Medical Practice Management

How to Sanitize Office Equipment: A Guide for OB/GYNs

Sanitize office equipment for the safety and comfort of your patients and practitioners. Learn CDC recommendations for cleaning office spaces and equipment.

Sanitizing an OB/GYN office is important not just for patients' and practitioners' safety, but also to show patients that their comfort is paramount. The Centers for Disease Control and Prevention (CDC) offers specific guidance on products to use and how to classify equipment in your office. However, developing a cleaning and sanitizing schedule, especially for common areas such as waiting rooms and breakrooms, is up to the individual practice.

Establishing a schedule and protocols to sanitize office equipment and clean all areas will help keep staff aware of expectations. To get started, the CDC defines levels of cleaning, from general cleaning, to sterilizing to high-level disinfecting. Sterilizing means removing all microorganisms from the equipment. High-level disinfection (HLD) means removing pathogenic microbial life, but some bacterial spores may be left behind. HLD is acceptable on some equipment, while sterilization should follow a regular schedule according to what works for your office.

Guidelines for Sanitizing Office Equipment

The CDC recommends creating your sanitizing plan based on the Spaulding Classification of medical and office equipment. The three basic categories of the Spaulding system provide a good baseline for developing an effective office cleaning schedule.

  • Critical items: These are the instruments that carry the greatest risk of spreading infection to your patients if they are not sterilized. This includes any equipment that comes in contact with bodily fluids or enters the body, such as endocavity ultrasound probes. Critical items need to be sterilized between each patient use. The CDC recommends steam as the preferred method, but not all equipment can tolerate heat. Chemical substances include hospital-grade cleaners, such as hydrogen peroxide gas plasma or peracetic acid.
  • Semicritical items: These items touch patient mucous membranes and nonintact skin; they include laryngoscope blades, some catheters and diaphragm fitting rings. The CDC recommends high-level disinfection with FDA-approved chemical disinfectants between patients for these items, with routine sterilization. However, some bacterial spores left behind on these do not seem to pose additional risk to patients. Your office still needs to sterilize semicritical items regularly.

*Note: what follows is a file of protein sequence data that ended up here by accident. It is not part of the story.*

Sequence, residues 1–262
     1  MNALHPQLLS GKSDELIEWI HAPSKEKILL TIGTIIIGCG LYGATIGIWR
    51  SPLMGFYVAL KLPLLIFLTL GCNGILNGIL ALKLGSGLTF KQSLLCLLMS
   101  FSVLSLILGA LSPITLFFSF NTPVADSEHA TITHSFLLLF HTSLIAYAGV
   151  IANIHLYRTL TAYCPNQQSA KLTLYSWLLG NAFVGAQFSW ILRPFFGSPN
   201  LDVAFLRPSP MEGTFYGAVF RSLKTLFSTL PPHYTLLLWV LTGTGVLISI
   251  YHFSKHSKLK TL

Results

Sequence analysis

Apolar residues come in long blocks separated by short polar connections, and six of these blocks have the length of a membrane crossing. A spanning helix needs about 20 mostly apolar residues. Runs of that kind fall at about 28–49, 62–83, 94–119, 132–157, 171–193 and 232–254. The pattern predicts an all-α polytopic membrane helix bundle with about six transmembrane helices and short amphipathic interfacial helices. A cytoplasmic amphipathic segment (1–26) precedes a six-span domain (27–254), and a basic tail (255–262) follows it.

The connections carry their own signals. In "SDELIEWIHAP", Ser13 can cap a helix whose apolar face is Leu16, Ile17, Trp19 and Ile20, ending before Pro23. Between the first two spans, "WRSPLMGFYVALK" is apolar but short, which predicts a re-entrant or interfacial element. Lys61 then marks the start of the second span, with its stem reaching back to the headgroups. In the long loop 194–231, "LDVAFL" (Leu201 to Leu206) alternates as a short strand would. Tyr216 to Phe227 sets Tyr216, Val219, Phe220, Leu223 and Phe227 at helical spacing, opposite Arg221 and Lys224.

• Noncritical items: These come in contact with skin, but not mucous membranes. This category generally refers to everything else in your office, from waiting room floors to patient exam tables. Daily cleanings with wipes or mopping is best, along with cleaning after any spills or messes. These areas do not need to be cleaned with hospital-grade disinfectants. Less powerful cleaning products, such as wipes or detergents, can be used in these areas. Your regular cleaning schedule should include a deep cleaning of all office areas at least once a week or once a month.

These guidelines are general and do not account for the complexity of cleaning some equipment. As you develop a cleaning procedure for your office, be sure to check the manufacturers' recommended maintenance for your specific equipment. Following the intended cleaning guidlines for a probe or ultrasound machine is important for sanitizing it thoroughly and keeping the equipment in good working order.

Overall, these instructions can fill in gaps for sterilizing equipment when it may not be feasible to fully sterilize after each visit. They also provide guidance on acceptable cleaning products and methods to use. Having a plan in place to effectively sanitize office equipment will help you prepare and keep your patients safe from the spread of infection.